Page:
"...data presentation can be beautiful, elegant and descriptive. There is a variety of conventional ways to visualize data - tables, histograms, pie charts and bar graphs are being used every day, in every project and on every possible occasion. However, to convey a message to your readers effectively, sometimes you need more than just a simple pie chart of your results. In fact, there are much better, profound, creative and absolutely fascinating ways to visualize data. Many of them might become ubiquitous in the next few years..." — Vitaly Friedman
Data visualization is the visual (re)presentation of data where "information is abstracted in some form including the attributes or variables for the units of information". As a subcategory of information visualization DV deals with graphics, geographic and spatial data (e.g., thematic cartography). In a general sense, data visualization refers to any technique where images, diagrams or animations are used to communicate information of varying degrees of complexity. Using visualization to convey complexity is an effective mode of communicating abstract and concrete ideas. Some historical examples are Lescaux cave painting, Egyptian hieroglyphics, Greek geometry and da Vinci's methods of technical drawing.
Data visualization today is used in information science, education, engineering (e.g., product visualization), interactive multimedia, medicine, and so on. A typical data visualization application can be seen in the field of computer graphics which may be the most important development in visualizing information since the invention of central perspective in the Renaissance. The development of animation has also helped to advance the field of data and information visualization. Using data visualization techniques can help you to explore the digital storytelling, learn how colour conveys information our brains recognize before we're fully aware of it, discover how books reveal clues to our deeper selves and find out how researchers investigate unknown phenomena, from initial sketches to published papers using data.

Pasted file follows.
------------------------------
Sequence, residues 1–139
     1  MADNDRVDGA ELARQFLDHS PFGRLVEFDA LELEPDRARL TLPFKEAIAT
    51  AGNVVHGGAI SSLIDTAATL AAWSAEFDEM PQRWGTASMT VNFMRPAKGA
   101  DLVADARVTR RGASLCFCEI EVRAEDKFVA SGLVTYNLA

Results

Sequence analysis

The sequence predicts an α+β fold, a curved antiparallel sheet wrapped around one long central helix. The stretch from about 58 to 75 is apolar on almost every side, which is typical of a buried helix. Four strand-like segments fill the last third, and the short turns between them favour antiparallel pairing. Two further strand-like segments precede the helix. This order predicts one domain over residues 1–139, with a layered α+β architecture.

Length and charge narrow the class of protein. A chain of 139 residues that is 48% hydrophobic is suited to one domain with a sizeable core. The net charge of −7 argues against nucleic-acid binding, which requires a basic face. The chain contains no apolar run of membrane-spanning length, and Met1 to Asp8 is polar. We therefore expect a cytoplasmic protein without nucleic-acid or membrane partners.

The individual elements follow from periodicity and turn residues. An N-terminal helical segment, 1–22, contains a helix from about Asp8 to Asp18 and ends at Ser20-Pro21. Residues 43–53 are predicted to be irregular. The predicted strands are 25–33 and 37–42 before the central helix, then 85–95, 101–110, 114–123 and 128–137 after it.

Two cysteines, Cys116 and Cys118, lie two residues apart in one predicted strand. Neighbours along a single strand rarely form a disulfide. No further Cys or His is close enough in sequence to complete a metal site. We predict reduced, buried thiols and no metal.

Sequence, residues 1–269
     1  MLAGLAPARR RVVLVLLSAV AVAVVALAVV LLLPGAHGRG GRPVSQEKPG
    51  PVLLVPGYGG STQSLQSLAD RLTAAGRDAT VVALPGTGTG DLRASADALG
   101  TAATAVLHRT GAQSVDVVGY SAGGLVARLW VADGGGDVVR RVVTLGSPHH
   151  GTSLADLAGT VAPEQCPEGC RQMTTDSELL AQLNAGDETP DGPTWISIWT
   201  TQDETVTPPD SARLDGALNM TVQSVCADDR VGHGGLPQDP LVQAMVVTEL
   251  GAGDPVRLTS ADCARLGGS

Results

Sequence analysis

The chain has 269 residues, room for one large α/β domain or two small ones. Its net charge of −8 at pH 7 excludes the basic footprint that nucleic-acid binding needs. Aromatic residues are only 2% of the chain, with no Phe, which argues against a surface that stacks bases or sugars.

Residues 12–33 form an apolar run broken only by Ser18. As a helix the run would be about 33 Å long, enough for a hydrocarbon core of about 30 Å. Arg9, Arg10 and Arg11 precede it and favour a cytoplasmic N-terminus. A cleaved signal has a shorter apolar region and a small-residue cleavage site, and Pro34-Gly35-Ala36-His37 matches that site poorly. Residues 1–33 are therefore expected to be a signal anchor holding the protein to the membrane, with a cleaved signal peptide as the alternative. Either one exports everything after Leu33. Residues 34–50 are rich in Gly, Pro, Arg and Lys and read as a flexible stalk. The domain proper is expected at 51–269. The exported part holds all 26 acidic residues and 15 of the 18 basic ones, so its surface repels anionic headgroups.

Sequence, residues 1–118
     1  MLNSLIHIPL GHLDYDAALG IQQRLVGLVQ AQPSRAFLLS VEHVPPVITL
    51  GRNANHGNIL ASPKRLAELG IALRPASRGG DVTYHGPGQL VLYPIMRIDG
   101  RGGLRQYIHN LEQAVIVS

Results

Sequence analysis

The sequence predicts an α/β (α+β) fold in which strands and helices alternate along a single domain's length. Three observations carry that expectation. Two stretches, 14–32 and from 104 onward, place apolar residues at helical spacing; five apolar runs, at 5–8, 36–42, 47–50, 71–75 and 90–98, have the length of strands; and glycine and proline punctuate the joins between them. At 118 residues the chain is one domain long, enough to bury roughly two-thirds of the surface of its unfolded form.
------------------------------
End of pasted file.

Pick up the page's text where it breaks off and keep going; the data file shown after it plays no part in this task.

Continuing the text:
In 2013, it was announced that Wikidata, an offshoot of Wikipedia, and centralized repository for data and facts, now feeds information for Wikipedia.
The Alliance for Networking Visual Culture seeks to enrich the intellectual potential of our fields to inform understandings of an expanding array of visual practices as they are reshaped within digital culture, while also creating scholarly contexts for the use of digital media in film, media and visual studies. By working with humanities centers, scholarly societies, and key library, archive, and university press partners, we are investigating and developing sustainable platforms for publishing interactive and rich media scholarship.
the project will explore data visualization applications in various fields including journalism, science, medicine and public health, law, architecture, planning and political science and use experts from the university
CSAIL looks at the issue of big data as "fundamentally multi-disciplinary"; the MIT team includes faculty and researchers across related technology areas, including algorithms, architecture, data management, machine learning, privacy and security, user interfaces, and visualization; as well as domain experts in finance, medical, smart infrastructure, education and science
Truthy http://truthy.indiana.edu/about is a web-based system to analyze and visualize the diffusion of information on Twitter; the system evaluates thousands of tweets an hour to identify new and emerging meme activity